There is talk, out there, of a Fourth Industrial Revolution. What does that mean, and how will it impact us?
To help us understand, here is the World Economic Forum’s (WEF) brief, chronological list of industrial revolutions:
1. Steam, water, mechanical production equipment. Year 1784
2. Division of labour, electricity, mass production. Year1870
3. Electronics, information technology, automated production. Year 1969
4. Cyber-physical systems. Year – imminent future.
If we aren’t already experiencing the fourth industrial revolution, we will be soon. It is characterized by the blending of the real world with technology. We already have examples of this floating on the fringes (and, in some cases, in the midst) of our work environments. Think Augmented Reality (AR), Virtual Reality (VR) and Mixed Reality (MR). We have printers that can build three dimensional objects and devices that can program our homes. We can practice complex operations in an artificial environment before taking the risk in the real world. And we can learn in environments that simulate those we will have to work and help customers in.
With technology invading every part of our personal and professional lives, there is bound to be an impact. This crash of technology into our real world means change—a lot of it. In the midst of all this semi-controlled chaos and rapid change, people are expected to not only flex and adapt, but be productive in the process. Pretty much every business is being disrupted, affecting entire systems of production, management, and governance.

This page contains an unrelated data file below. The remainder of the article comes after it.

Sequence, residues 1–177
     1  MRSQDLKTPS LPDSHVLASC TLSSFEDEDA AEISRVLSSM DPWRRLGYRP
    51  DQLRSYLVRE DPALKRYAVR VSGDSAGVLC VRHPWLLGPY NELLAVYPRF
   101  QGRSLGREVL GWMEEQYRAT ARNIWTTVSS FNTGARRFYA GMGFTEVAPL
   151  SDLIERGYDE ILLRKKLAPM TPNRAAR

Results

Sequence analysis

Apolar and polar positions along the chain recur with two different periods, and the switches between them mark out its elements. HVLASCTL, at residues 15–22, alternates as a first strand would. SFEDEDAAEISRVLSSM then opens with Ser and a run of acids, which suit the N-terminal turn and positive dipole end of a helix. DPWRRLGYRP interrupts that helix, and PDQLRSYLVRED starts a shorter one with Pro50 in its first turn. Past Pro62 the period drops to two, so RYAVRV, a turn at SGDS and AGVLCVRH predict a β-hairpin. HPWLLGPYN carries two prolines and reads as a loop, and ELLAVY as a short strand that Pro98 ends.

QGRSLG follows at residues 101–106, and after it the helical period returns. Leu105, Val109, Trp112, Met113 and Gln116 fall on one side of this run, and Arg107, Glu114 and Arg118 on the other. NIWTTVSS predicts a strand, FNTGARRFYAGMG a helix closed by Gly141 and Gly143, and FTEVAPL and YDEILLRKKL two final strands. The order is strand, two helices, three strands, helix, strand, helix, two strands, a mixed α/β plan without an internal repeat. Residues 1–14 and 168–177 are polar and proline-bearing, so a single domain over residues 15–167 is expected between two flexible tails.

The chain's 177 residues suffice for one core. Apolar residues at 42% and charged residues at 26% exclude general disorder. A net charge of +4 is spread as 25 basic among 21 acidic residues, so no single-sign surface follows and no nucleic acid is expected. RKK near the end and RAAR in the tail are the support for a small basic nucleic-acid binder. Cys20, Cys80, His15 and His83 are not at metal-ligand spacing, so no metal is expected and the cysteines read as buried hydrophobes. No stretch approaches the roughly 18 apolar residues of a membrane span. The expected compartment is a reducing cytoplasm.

According to WEF, this revolution means those in leadership and management positions need to “upgrade” their competencies to keep up with technological changes. Business is demanding a Management 4.0 mindset, which most companies, and their leadership, are not ready to implement.
Workers will be profoundly affected as increased automation and artificial intelligence causes many jobs to disappear, and entirely new ones to come into existence. Managers will have to prepare their people by putting a focus on continual learning and diversity in teams, as well as developmental pathways to new jobs.
The cost of replacing workers with new employees who already possess desired digital skills will be too great. The competition in recruiting and hiring will mean many employers won’t get enough of the highly skilled people they seek.
Existing employees possess company knowledge that is very valuable. It makes sense to retain them, so training them for new jobs becomes a business imperative.
With all this focus on digital, it’s easy to forget about “soft skills”. In the Industry 4.0 environment, however, these skills (which I call “Power Skills”) are crucial. There is an increased need